Sydney, Australia native Christopher Egan cut his chops in a regular role on the long running hit soap opera Home and Away when he was just 16. He moved to LA and it wasn’t long before he was hit there too.
Egan appeared in the TV series Empire, Pretty/Handsome, and Vanished, and the films Alpha Male, Resident Evil: Extinction and Crush. But he left the TV series Kings when he was offered the leading man role in Letters to Juliet, a romantic tale starring Amanda Seyfried and Vanessa Redgrave.
Bonus – they shot the film througout Italy’s most romantic region, Tuscany. Egan was one of a small handful of actors under consideration to star in Mission Impossible IV for Tom Cruise. The part ultimately went to Jeremy Renner, but it’s nice to know that Cruise recognized Egan’s talent. Monsters and Critics spoke to the promising young actor.
You started in Australia’s renowned soap opera Home and Away whe you were just a kid. What great training for an actor!
It is. You’re working very fast shooting long hours and being on that set so long and at a young age battling with school, and you do grow up quickly and learn quickly, and you have to learn discipline. It was crazy, but I learned and then it felt like a natural progression to come to LA and jump into a whole different world.
How is LA?
I have more experience and appreciate it so much and its great meeting talented people. I was coming from Australia and working so hard where there weren’t many jobs, and then coming to America, where there are so many jobs but more competition.
Have you noticed an upsurge in fame since Letters to Juliet? Can you still walk the streets?
Yes. In Los Angeles there so many actors and people tend to get used to it. You don’t get mobbed or recognized. But it is different parts of America, people will say hi. It’s been really nice; I’ve had a great reaction from people.
Charlie is testy, judgmental, and frustrated when we meet him – but you turn him around to gain our sympathy. Nice work!
I really enjoyed that journey of Charlie’s and he has a great love for his grandmother. He felt like a real character that I could really play with and have fun with, I like it. It’s a different romcom in that way, they don’t like each other in the beginning, and it’s often like that with people in real life who don’t like each other at first.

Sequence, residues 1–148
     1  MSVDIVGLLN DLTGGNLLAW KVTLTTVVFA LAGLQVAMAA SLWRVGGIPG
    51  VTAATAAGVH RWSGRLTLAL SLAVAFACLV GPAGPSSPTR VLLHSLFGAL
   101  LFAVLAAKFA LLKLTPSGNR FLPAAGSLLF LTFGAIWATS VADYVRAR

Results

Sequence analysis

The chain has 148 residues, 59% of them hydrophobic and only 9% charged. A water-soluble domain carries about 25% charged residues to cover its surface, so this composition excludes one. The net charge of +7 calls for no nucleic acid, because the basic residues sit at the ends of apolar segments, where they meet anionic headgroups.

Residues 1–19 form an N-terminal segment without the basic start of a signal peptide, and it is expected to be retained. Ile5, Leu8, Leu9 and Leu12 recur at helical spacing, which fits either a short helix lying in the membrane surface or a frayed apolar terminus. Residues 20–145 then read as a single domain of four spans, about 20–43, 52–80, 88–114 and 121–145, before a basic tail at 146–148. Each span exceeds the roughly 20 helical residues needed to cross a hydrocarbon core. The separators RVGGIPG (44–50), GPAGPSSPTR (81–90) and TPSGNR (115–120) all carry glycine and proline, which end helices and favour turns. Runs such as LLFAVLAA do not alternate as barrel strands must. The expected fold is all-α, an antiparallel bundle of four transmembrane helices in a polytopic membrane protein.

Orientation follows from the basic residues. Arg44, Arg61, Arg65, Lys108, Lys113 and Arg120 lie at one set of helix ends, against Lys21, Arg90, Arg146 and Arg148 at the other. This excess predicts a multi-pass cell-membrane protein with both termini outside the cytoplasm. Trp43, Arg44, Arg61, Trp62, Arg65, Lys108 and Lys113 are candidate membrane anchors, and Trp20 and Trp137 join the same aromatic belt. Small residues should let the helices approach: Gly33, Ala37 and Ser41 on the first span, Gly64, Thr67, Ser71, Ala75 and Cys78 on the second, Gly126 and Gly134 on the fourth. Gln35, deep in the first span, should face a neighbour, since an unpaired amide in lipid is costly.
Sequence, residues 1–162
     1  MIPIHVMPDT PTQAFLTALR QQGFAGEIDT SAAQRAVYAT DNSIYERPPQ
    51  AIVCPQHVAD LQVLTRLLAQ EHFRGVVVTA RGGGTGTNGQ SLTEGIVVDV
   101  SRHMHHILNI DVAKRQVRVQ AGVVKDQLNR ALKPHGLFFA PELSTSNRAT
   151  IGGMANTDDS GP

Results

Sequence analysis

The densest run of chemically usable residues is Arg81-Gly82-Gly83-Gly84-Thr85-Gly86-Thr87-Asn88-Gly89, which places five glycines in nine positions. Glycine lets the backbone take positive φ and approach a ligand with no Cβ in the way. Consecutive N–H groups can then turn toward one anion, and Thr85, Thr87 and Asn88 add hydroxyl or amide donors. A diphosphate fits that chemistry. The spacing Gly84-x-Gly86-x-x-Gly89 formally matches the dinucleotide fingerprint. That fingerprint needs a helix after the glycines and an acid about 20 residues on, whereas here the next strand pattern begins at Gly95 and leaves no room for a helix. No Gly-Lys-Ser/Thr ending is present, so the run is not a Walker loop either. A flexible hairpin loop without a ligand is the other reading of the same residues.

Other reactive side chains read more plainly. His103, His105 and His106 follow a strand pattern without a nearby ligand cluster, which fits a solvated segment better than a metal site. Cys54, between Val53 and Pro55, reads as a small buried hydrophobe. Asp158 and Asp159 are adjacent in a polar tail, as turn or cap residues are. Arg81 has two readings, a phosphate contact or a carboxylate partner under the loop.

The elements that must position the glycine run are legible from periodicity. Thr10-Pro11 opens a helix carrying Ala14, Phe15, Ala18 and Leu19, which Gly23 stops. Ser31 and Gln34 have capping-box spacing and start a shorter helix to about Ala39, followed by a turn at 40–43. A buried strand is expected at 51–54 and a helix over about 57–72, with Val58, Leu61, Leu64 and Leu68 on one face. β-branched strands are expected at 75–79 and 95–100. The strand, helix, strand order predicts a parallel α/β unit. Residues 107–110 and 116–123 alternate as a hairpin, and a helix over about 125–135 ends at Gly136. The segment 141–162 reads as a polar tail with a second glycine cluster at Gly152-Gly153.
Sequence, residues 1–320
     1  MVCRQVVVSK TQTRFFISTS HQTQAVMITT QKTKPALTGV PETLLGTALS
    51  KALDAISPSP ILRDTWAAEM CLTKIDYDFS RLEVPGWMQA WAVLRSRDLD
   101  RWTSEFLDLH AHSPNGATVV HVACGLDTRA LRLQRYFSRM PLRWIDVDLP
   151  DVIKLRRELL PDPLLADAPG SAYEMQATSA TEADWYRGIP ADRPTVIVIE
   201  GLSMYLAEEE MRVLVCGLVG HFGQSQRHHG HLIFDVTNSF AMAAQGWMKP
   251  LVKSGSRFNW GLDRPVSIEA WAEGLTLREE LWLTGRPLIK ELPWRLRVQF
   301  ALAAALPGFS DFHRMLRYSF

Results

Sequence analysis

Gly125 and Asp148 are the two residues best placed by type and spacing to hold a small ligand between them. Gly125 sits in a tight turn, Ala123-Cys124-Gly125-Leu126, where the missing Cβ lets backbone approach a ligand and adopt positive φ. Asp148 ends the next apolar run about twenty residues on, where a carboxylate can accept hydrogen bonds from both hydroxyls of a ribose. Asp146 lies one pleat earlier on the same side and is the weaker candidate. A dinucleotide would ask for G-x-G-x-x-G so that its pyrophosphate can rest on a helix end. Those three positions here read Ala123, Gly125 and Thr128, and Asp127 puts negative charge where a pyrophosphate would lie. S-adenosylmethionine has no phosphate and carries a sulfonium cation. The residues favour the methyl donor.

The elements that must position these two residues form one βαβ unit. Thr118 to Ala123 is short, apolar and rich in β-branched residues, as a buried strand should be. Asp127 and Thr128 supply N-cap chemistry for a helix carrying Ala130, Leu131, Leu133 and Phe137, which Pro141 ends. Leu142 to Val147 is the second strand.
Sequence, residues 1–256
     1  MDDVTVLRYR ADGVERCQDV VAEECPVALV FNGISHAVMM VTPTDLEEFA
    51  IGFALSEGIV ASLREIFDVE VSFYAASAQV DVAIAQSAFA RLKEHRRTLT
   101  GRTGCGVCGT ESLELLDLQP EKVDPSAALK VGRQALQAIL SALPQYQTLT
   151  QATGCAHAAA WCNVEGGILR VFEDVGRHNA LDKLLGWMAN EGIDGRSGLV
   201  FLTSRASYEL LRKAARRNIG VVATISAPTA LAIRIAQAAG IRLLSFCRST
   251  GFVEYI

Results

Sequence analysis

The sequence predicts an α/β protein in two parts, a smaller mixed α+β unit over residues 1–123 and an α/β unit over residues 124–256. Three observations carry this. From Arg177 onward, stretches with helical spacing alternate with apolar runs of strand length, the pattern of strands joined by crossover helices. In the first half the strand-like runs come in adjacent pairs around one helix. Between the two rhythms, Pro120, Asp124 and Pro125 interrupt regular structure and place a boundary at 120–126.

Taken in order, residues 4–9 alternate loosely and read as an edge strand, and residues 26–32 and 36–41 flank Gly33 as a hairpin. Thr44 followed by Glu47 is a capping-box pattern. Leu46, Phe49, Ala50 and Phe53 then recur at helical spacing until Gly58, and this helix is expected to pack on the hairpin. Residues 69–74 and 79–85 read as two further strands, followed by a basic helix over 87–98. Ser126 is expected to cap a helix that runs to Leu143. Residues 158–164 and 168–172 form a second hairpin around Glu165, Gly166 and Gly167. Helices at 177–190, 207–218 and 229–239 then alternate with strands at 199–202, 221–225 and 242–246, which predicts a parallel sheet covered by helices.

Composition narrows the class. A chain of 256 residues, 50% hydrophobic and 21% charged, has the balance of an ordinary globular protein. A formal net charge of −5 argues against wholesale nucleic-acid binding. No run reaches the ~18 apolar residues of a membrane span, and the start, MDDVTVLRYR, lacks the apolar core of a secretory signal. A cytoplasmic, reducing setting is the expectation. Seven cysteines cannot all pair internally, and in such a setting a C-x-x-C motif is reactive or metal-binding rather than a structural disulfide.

His priority is his grandmother, who has been his sole parent. Anything that threatens her happiness and health is a bad combination. Amanda is so attractive. It was nice to break down the walls and barriers and ultimately move ahead. It was nice. We had a lot of fun, me and Amanda got along great, we had a silly sense of humor and chemistry between us.
You worked very closely with Vanessa Redgrave, playing her grandson. What an experience!
She was wonderful. It’s seriously one of the real joys of this job being able to work with veterans actors and learn from them and watch them and especially when you’ve watched them growing up. It’s exciting being a member of their family. She was so much fun and full of life and intelligent and had so many things to say about the story and character. Rehearsals were incredible, listening to her thoughts.
Have you kept in touch with her?
Yes, I’ve been on email with her and we saw each other in Verona for the press tour and celebrated being together again. We keep in touch.
Does location affect your work? I don’t see how you could resist Tuscany’s spell.
We felt very spoiled and got all those elements and get along with everyone and it’s the most beautiful place in the world, really, you’re pinching yourself, we’re the luckiest! It makes the journey so much more exciting. You audition every week and you don’t get something and then you get something that is magical. It was like a holiday from slogging it out at home.
What’s it like making out with a complete stranger – even if it is Amanda Seyfried – for “work”?
You get nervous about that meeting a stranger and want to know if there is a chemistry and if you get along. It was important to get the opportunity to spend time and get to know each other. We shot in order so we go to know each other as characters and people, colleagues. I’m so grateful for the chance to make this film.
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